As noted above, it is significant that The Suicide’s Wife takes place in 1968, one of the most turbulent years in American history. The story goes full circle—it opens with the assassination of Martin Luther King, Jr., and ends with the assassination of Robert Kennedy. In between, the reader witnesses national rioting, student protests (in the United States and abroad), and antiwar demonstrations: “National events came at [Ann] like blows, made her flinch.”
Television brought the tragic events of the day into everyone’s living room. Not untouched by these catastrophic events, Ann also must cope with personal tragedies that affect her life directly: her husband’s suicide, Mark’s friend’s sudden death, the collapse of the bridge connecting West Virginia with Ohio plunging cars, trucks, and a school bus deep into the Ohio River. In the midst of all this suffering and loss, Ann begins to realize that she can change her life; she is not doomed to a lifetime of failures.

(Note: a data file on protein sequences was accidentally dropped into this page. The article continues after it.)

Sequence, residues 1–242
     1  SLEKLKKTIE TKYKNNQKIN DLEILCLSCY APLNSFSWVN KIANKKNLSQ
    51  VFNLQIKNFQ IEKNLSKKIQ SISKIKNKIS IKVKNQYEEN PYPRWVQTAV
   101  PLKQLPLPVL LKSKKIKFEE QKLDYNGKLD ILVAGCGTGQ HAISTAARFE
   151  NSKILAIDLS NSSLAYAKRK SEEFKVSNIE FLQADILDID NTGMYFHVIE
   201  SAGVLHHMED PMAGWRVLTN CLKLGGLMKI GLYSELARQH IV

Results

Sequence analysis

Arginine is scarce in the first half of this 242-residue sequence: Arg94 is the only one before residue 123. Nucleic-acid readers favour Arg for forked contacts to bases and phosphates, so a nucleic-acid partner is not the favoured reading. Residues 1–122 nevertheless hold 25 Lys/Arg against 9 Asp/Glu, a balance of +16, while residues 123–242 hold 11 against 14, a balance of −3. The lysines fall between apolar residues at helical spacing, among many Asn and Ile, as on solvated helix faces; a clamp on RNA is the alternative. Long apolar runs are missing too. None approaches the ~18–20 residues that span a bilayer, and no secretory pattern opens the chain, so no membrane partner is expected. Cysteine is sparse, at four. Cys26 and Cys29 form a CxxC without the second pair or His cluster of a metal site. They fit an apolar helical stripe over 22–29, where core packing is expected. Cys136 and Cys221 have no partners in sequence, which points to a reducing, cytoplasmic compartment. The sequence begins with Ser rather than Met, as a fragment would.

The Suicide’s Wife received mixed reviews from the critics. Some compared the novel favorably to Jean-Paul Sartre’s masterpiece Nausea (1938), while others criticized it for being thin and laconic. Ann Harrington is obviously a character about whom Madden felt very deeply; the reader, too, is invited to share in her consciousness to an extraordinary degree.